• BisectBatchOnFunctionError allows you to isolate a single record that is causing a problem. Every error will result in splitting the batch in order to isolate the error. These retries do not count toward the MaximumRetryAttempts.
  • DestinationConfig allows you to send failures to either an SQS queue or an SNS topic.
  • MaximumRetryAttempts controls the number of times a message can fail before being discarded (or sent to a failure destination if configured). The default value is -1, which will retry until the message expires.

Elastic Load Balancing - Application Load Balancer

Retries DLQ at integration DLQ at function Error destination at function
❌ No ❌ No ❌ No ❌ No

Application Load Balancer invokes your function synchronously. There are no retries when making calls to your function, and the integration does not support a DLQ.

Kinesis Firehose

Retries DLQ at integration DLQ at function Error destination at function
✅ User controlled ❌ No ❌ No ❌ No

Kinesis Firehose calls your function synchronously. There are options within the integration to control the number of retries. There is no option for a DLQ.

Kinesis Streams

Retries DLQ at integration DLQ at function Error destination at function
✅ Until Expired* ✅ Yes ❌ No ❌ No

Kinesis Streams invoke your function synchronously in batches. If the function returns an error or times out the entire batch will be retried until the message expires by default. The integration is an event source mapping, which includes several configuration options to control retries and DLQs.

  • BisectBatchOnFunctionError allows you to isolate a single record that is causing a problem. Every error will result in splitting the batch in order to isolate the error. These retries do not count toward the MaximumRetryAttempts.
  • DestinationConfig allows you to send failures to either an SQS queue or an SNS topic.
  • MaximumRetryAttempts controls the number of times a message can fail before being discarded (or sent to a failure destination if configured). The default value is -1, which will retry until the message expires.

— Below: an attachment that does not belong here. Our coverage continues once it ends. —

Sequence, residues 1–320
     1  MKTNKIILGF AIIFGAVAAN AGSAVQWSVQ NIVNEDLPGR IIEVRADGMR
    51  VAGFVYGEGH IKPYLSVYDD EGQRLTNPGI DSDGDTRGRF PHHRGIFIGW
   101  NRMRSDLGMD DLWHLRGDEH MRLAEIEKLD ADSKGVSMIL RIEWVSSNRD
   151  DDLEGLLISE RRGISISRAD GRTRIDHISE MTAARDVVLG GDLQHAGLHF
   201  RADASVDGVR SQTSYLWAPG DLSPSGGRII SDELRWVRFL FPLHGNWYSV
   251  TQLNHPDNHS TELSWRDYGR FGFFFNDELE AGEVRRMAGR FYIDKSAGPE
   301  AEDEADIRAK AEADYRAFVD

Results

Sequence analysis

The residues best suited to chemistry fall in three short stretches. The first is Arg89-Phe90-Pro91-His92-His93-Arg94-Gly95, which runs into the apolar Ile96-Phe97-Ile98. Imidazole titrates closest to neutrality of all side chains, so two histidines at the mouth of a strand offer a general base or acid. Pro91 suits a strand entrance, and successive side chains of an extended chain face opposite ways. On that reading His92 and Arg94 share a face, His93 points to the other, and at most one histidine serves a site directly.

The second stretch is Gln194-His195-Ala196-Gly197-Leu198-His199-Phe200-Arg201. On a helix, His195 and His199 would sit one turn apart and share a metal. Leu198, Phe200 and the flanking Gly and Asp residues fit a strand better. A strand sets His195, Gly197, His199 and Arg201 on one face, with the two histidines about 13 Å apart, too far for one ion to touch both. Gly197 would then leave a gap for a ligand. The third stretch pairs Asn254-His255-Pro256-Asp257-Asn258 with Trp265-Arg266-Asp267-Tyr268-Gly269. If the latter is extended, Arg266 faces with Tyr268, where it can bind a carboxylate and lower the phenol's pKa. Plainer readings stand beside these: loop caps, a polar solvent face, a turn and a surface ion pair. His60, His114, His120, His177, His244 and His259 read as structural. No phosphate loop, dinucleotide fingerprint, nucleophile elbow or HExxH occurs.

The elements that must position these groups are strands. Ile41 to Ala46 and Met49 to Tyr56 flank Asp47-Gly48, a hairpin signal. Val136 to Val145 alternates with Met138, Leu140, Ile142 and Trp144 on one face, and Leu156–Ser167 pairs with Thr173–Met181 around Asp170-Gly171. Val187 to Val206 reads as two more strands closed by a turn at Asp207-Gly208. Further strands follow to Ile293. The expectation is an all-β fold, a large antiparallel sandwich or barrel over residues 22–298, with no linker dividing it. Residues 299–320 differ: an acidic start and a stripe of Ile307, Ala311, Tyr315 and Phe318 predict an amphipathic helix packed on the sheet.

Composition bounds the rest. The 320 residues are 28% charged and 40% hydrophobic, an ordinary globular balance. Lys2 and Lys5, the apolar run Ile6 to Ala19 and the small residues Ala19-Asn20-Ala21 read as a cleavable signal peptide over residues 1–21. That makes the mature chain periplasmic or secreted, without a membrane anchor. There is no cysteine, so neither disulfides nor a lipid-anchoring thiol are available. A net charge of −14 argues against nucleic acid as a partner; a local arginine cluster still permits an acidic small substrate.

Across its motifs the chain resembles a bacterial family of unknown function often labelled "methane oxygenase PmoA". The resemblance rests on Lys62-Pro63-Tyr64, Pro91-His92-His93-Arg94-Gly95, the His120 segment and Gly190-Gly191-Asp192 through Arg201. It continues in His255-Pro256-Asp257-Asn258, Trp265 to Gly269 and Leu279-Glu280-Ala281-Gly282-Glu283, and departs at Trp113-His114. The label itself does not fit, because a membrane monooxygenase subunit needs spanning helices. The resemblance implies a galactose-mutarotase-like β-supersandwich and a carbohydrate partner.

Lex

Retries DLQ at integration DLQ at function Error destination at function
❌ None ❌ No ❌ No ❌ No

Lex invokes your function synchronously. There are no retries when making calls to your function, and the integration does not support a DLQ.

Amazon MQ

Retries DLQ at integration DLQ at function Error destination at function
❌ None ❌ No ❌ No ❌ No

Amazon MQ invokes your function synchronously. The integration is an event source mapping, but does not include any settings for DLQ or retries. Those can be handled within ActiveMQ itself.

S3 Batch

Retries DLQ at integration DLQ at function Error destination at function
✅ Yes ❌ No ❌ No ❌ No

S3 Batch invokes your function synchronously. There is no option for a DLQ. If the Lambda function returns a TemporaryFailure response code, Amazon S3 retries the operation.

SQS

Retries DLQ at integration DLQ at function Error destination at function
✅ Configured in SQS ❌ No ❌ No ❌ No

SQS invokes your function synchronously. The integration is an event source mapping, however, no DLQ or retry options are available on the integration itself. Instead, you configure a redrive policy on the queue itself. This policy controls how many times a message can be received before being discarded or sent to a DLQ.

SQS also handles throttling in a rather unique way. Because the queue management is handled by Lambda it often will request more than your function can process. When this happens, your message will be tried again until the time remaining on the message timeout is less than the function timeout. At that point the message will be allowed to timeout, allowing the message to be retried or discarded based on your redrive policy. These retries do not count toward the message delivery count.

Step Functions (synchronous invoke)

Retries DLQ at integration DLQ at function Error destination at function
✅ Controlled in retry configuration ✅ Controlled as a state ❌ No ❌ No

Step Functions can invoke a Lambda synchronously. When doing so you can use the retry setting to control the retries. Any error logic can be handled in the state machine using the catch setting and sending the message to an SQS queue or SNS topic within the state machine itself.